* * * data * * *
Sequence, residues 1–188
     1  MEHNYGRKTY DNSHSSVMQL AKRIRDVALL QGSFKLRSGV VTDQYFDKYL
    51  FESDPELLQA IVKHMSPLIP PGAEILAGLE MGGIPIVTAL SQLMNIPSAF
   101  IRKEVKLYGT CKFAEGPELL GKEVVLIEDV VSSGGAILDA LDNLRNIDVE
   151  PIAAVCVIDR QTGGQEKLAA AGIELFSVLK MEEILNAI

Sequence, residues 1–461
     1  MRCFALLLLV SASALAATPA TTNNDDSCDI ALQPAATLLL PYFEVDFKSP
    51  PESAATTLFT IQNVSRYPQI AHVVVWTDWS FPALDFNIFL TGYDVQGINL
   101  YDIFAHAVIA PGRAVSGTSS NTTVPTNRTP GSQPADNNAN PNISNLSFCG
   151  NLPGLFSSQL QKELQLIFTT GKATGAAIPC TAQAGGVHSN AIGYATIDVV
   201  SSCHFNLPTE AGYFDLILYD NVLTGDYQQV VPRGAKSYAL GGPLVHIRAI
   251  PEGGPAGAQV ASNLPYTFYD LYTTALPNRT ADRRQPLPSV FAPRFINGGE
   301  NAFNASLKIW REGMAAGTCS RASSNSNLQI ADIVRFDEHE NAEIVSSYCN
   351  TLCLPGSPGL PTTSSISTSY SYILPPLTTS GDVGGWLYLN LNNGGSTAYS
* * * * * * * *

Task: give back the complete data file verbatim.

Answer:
Sequence, residues 1–188
     1  MEHNYGRKTY DNSHSSVMQL AKRIRDVALL QGSFKLRSGV VTDQYFDKYL
    51  FESDPELLQA IVKHMSPLIP PGAEILAGLE MGGIPIVTAL SQLMNIPSAF
   101  IRKEVKLYGT CKFAEGPELL GKEVVLIEDV VSSGGAILDA LDNLRNIDVE
   151  PIAAVCVIDR QTGGQEKLAA AGIELFSVLK MEEILNAI

Sequence, residues 1–461
     1  MRCFALLLLV SASALAATPA TTNNDDSCDI ALQPAATLLL PYFEVDFKSP
    51  PESAATTLFT IQNVSRYPQI AHVVVWTDWS FPALDFNIFL TGYDVQGINL
   101  YDIFAHAVIA PGRAVSGTSS NTTVPTNRTP GSQPADNNAN PNISNLSFCG
   151  NLPGLFSSQL QKELQLIFTT GKATGAAIPC TAQAGGVHSN AIGYATIDVV
   201  SSCHFNLPTE AGYFDLILYD NVLTGDYQQV VPRGAKSYAL GGPLVHIRAI
   251  PEGGPAGAQV ASNLPYTFYD LYTTALPNRT ADRRQPLPSV FAPRFINGGE
   301  NAFNASLKIW REGMAAGTCS RASSNSNLQI ADIVRFDEHE NAEIVSSYCN
   351  TLCLPGSPGL PTTSSISTSY SYILPPLTTS GDVGGWLYLN LNNGGSTAYS